EU agrees on bonus claw-back call
European Union leaders have agreed to seek a global deal for bankers' bonuses to be clawed back if profits fall, BBC reported.
The leaders meeting in Brussels approved the clause as part of a common EU position for next week's G20 summit in Pittsburgh in the US.
They want the threat of sanctions to be used to force banks to link bonuses to long-term performance.
There is concern the current system may encourage short-term risk-taking, which helped trigger the banking crisis.
Speaking ahead of the meeting, UK Prime Minister Gordon Brown said there was broad backing for bonus restrictions.
"I believe that people have been appalled by the suggestion in some institutions and their practices that they simply want to return to the policies of the past," Mr Brown said.
"There is no support in any part of the world for failing to take the action that is necessary and I believe that we will be able to agree on a structure for how bonuses should be examined in the future."
But the US and UK have rejected calls for mandatory caps on bonuses.
"The G20 should commit to agreeing to binding rules for financial institutions on variable remunerations backed up by the threat of sanctions at the national level," said the agreed statement.
The EU leaders will also urge the G20 nations to maintain stimulus spending that has prompted some signs of global recovery.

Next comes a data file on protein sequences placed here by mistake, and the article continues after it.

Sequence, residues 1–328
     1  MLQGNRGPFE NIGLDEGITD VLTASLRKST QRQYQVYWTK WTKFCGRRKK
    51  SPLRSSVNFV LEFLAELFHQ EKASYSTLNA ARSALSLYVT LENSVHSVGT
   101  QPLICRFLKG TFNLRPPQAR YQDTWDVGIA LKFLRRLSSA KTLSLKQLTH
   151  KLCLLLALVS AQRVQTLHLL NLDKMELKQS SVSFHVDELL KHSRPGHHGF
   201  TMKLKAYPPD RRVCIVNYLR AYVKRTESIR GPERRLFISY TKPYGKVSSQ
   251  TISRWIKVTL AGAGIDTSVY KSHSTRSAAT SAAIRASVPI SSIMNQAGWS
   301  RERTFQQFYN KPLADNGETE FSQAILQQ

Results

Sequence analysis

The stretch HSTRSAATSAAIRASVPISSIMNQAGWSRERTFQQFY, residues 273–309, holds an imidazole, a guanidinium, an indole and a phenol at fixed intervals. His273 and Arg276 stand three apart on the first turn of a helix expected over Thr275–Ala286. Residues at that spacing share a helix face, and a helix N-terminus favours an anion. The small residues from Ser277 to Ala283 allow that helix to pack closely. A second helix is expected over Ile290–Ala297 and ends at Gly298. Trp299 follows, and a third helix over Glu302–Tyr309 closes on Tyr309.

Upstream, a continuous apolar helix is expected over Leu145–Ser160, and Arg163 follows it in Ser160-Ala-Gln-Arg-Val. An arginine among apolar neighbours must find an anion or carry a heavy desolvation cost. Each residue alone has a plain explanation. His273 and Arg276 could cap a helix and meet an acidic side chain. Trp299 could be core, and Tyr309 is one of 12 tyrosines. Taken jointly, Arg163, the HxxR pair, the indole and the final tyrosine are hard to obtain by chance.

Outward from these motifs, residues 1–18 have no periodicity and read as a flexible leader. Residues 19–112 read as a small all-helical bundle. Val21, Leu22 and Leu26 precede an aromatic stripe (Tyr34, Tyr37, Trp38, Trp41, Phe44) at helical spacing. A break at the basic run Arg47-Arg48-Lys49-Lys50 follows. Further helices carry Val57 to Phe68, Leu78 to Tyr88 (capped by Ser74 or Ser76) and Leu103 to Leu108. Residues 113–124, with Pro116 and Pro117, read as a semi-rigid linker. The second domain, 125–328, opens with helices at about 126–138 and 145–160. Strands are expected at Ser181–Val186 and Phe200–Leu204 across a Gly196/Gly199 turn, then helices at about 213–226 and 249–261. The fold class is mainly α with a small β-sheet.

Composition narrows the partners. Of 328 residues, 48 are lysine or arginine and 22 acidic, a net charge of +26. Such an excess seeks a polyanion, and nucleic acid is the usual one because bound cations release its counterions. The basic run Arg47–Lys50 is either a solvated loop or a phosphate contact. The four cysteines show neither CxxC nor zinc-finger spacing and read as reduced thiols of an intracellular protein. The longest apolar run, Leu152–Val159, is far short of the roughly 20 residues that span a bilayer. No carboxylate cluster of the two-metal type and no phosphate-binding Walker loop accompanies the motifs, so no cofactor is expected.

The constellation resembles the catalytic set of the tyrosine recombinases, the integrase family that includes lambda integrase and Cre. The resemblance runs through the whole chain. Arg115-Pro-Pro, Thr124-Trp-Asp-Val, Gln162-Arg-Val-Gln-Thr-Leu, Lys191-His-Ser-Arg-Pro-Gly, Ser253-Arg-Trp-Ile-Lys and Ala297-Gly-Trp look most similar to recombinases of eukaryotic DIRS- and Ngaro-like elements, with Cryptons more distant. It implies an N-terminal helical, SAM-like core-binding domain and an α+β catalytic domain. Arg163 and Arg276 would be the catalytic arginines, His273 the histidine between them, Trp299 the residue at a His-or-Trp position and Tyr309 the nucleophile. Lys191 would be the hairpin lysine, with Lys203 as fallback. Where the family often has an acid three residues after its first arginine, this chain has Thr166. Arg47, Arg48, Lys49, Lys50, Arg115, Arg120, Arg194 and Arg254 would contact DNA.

French President Nicolas Sarkozy, who has led the charge against high levels of banker pay, has threatened to walk out of the conference if no stringent compensation rules are passed.
"The bonus bubble burst tonight," said Swedish Prime Minister Fredrik Reinfeldt, whose country holds the EU presidency.
"We have agreed to say that enough is enough and we need to move away from the current culture of compensation based on short-term performance."
But US President Barack Obama has repeatedly said he is against being over-prescriptive on pay.
"The president has been pretty clear that he supports a robust approach to executive compensation but has been reluctant to sort of set individual compensation levels," said Mike Froman, deputy national security advisor for international economic affairs.
Mr Froman said the G20 was most likely to agree a "set of principles" on bonuses.
The UK, Germany, France and Italy are the only official members of the EU in the G20 - which brings together developed and emerging economies.
The EU itself is the 20th member, though Spain and the Netherlands will sit in on the talks.